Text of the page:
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Patent: A Safer, Enduring Swing On The Swingset
Patent: A Safer, Enduring Swing On The Swingset | amar_txbz, Ernie D. Sheets, Julie A. Neusch, patent, 8083600, swing seat, child safety,

Ernie D. Sheets and Julie A. Neusch, both of Amarillo, recently received U.S. Patent 8,083,600 for “Swing Seat.”

Texas Business Patent of the Day:  It’s a far cry from the old tire swing. Two Texas Panhandle residents designed a swing that’s safer and lasts longer.

Ernie D. Sheets and Julie A. Neusch, both of Amarillo, recently received U.S. Patent 8,083,600 for “Swing Seat.”

The two applied for the patent on October 9, 2009. 

The patent assignee is Backyard Leisure Holdings Inc. of Pittsburg, Kansas.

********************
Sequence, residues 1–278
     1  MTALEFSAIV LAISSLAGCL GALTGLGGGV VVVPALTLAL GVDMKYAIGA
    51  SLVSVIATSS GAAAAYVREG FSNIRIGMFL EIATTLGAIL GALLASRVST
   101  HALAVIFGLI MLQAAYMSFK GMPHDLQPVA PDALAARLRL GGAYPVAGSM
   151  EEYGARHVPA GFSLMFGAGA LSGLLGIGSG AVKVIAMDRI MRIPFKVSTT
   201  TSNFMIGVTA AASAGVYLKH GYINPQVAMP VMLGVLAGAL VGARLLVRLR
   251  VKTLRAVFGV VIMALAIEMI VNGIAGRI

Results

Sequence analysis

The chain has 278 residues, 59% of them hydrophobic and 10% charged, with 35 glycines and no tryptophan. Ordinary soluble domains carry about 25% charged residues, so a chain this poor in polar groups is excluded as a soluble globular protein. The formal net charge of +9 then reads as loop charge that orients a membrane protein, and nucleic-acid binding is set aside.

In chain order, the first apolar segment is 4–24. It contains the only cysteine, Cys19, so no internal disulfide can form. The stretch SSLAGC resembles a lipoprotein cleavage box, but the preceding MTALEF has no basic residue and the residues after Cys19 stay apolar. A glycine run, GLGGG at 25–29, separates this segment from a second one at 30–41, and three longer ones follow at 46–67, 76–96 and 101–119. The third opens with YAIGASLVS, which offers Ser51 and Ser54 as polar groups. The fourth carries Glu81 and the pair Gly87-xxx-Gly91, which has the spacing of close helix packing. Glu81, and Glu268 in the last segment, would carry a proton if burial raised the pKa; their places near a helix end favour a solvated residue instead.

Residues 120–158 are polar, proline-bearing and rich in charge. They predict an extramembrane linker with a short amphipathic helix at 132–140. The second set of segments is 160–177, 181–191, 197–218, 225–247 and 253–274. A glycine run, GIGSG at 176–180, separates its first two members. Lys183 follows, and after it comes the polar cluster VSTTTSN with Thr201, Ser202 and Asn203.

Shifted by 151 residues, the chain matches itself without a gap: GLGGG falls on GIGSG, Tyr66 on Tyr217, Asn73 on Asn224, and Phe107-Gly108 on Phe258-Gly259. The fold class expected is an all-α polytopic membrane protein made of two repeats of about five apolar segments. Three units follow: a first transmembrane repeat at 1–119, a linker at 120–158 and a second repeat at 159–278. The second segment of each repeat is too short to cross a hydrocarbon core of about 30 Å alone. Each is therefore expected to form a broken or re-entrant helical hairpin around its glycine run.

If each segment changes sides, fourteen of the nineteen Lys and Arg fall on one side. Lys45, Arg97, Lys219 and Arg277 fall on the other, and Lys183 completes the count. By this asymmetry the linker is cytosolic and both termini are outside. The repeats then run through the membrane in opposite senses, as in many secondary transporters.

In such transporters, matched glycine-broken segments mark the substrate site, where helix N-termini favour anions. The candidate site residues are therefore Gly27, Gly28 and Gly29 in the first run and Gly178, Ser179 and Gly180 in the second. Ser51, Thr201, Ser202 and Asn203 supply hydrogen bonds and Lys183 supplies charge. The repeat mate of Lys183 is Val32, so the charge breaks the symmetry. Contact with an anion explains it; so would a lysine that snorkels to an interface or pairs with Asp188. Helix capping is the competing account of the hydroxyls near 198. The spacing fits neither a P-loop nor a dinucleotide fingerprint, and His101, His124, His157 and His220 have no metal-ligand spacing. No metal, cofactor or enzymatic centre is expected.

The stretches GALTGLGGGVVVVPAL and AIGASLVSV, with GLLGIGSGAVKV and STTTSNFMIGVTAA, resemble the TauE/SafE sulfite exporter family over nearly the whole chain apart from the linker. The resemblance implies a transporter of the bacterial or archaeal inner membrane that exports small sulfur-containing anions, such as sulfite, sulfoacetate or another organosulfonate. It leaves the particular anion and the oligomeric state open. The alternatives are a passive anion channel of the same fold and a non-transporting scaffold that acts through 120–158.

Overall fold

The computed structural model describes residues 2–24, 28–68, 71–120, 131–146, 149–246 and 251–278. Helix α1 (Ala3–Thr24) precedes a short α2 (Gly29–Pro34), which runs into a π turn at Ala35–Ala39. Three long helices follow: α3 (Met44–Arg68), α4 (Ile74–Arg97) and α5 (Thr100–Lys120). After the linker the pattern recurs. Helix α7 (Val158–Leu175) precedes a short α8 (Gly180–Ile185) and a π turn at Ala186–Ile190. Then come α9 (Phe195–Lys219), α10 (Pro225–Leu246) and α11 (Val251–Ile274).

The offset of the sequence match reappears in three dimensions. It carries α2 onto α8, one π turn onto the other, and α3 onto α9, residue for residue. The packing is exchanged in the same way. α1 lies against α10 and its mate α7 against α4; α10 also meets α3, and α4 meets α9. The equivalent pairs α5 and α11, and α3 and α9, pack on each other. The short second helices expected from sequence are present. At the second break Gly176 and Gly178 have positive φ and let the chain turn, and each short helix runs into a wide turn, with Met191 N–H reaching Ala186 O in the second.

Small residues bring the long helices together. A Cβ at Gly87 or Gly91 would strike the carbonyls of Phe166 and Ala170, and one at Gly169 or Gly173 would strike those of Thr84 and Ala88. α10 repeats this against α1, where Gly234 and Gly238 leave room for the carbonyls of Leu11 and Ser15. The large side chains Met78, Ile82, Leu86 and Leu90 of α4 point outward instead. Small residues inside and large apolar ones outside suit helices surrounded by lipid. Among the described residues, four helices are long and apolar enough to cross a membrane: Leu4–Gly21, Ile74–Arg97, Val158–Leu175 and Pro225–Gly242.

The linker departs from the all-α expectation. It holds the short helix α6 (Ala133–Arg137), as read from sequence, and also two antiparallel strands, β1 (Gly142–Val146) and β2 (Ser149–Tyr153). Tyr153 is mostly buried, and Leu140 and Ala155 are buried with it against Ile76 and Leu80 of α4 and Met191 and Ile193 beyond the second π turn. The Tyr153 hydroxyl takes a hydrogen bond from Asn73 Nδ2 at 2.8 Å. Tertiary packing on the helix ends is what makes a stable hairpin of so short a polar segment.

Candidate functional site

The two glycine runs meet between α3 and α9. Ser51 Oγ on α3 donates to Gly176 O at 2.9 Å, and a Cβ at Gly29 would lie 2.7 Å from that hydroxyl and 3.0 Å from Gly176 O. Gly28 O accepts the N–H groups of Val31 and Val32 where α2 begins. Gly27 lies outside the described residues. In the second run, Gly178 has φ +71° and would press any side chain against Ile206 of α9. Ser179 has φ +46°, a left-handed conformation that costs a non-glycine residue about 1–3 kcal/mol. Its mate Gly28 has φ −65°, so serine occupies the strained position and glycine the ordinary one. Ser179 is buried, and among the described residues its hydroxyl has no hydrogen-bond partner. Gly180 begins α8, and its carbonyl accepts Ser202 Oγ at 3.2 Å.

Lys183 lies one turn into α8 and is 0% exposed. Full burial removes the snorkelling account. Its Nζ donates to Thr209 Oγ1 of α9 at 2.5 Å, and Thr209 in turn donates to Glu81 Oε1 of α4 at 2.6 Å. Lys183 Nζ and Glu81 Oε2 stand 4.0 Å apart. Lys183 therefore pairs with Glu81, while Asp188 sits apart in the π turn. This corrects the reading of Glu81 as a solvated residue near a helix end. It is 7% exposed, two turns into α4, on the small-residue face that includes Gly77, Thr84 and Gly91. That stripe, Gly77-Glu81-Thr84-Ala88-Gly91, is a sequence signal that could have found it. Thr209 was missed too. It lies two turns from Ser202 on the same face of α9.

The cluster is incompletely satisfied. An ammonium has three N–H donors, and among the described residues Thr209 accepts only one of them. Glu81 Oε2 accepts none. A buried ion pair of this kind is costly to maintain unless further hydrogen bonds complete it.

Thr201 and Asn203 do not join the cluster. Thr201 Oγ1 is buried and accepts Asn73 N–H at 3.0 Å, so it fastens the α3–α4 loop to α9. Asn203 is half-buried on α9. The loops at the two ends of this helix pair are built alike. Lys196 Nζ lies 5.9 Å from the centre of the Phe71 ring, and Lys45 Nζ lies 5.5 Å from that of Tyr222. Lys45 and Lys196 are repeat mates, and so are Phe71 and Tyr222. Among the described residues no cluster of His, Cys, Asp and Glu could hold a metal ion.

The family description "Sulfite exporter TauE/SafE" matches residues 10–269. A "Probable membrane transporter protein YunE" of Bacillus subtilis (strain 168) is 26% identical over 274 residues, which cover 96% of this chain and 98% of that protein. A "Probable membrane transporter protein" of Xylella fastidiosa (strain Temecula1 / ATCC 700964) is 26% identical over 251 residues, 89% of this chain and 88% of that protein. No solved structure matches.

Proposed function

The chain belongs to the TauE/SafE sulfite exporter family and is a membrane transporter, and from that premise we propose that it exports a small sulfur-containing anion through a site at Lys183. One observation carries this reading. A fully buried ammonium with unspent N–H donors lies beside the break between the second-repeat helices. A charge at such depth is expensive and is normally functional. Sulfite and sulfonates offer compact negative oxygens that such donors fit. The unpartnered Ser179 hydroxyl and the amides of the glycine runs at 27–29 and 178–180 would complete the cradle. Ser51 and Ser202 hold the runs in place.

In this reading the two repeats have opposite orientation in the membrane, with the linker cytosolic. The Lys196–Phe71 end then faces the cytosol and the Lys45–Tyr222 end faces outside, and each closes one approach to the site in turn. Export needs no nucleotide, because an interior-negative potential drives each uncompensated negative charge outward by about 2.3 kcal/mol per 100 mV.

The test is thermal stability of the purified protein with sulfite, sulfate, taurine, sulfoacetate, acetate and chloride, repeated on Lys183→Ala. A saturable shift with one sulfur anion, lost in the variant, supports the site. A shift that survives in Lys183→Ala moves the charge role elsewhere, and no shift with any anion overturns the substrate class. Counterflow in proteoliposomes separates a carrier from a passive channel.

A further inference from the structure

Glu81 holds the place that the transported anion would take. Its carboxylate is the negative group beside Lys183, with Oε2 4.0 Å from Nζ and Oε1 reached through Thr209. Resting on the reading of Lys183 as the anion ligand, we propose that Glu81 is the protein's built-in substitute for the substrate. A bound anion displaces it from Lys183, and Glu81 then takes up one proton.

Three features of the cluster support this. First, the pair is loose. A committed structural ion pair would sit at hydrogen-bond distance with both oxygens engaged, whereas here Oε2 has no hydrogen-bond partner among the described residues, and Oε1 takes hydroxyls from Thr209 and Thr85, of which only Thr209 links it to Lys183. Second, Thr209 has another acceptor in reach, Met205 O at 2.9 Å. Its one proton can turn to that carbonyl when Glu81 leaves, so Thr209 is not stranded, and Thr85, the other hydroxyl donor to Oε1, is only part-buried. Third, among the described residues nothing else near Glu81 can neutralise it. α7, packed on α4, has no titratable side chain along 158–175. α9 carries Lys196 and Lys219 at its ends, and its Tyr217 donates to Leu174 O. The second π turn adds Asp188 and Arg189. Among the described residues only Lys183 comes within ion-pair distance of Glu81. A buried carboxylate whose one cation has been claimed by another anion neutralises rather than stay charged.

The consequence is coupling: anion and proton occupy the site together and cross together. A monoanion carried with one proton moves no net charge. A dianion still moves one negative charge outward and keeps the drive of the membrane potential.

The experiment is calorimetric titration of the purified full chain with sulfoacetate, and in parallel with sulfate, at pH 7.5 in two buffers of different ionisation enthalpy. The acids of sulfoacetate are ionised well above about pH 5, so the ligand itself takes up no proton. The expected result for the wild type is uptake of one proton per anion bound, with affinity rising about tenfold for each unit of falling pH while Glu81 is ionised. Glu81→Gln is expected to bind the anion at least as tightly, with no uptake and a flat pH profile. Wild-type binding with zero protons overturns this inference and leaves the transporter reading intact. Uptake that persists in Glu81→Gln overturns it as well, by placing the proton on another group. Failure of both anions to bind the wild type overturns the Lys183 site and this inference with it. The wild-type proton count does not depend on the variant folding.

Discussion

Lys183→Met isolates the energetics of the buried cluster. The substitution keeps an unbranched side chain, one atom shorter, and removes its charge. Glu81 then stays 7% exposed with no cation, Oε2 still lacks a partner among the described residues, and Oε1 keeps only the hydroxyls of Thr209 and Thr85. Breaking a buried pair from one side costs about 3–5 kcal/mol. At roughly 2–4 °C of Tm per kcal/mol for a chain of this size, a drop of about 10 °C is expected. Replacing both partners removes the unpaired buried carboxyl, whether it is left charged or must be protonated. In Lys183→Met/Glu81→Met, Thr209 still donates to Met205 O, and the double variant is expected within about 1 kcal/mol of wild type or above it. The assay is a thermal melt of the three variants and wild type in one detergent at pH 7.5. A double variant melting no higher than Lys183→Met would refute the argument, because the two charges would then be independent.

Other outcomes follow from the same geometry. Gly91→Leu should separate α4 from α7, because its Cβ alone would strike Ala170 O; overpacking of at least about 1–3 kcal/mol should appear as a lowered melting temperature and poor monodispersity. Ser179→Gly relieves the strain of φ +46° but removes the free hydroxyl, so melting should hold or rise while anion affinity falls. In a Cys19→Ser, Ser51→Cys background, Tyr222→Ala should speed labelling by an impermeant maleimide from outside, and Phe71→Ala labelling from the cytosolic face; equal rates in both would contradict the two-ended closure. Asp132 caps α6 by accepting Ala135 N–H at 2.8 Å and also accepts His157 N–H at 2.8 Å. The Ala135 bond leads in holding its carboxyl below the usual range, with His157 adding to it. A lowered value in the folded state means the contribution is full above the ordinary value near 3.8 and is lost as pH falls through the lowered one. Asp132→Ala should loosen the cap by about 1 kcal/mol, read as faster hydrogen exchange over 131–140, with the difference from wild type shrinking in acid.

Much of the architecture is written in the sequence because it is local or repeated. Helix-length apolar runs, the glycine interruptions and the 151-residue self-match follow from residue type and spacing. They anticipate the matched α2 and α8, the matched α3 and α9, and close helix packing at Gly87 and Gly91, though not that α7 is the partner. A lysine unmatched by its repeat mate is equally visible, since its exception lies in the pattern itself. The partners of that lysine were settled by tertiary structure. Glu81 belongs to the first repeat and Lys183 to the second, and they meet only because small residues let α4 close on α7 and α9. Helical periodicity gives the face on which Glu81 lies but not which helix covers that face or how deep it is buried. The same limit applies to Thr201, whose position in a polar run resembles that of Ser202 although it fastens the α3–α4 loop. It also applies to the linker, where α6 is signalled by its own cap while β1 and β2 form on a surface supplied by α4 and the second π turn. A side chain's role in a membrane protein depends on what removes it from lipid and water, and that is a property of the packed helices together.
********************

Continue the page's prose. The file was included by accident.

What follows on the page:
Sheets’ and Neusch’s invention relates generally to children's playsets, and to playset accessories and components, according to the patent document.

More specifically, their invention concerns a reinforced swing seat assembly for use in a children's playset. 
 
Those of ordinary skill in the art will appreciate that swing seats used with playsets have historically taken many forms.

For example, rigid swing seats have been formed of wooden boards or molded plastics. Many current swing seats are formed from rubber or other flexible material that allows the seat to bend for comfortably accommodating users of different sizes. Regardless of material, swing seats are often suspended from a playset frame with ropes or chains so that the seat may freely swing back and forth during use. 

Conventional flexible swing seats often include a generally rectangular strap of rubber that is connected to suspending chains at opposite ends of the strap. Some rubber strap seats include hinged rings clamped to the opposite ends of the strap, with each ring receiving a hooked end of a suspending chain.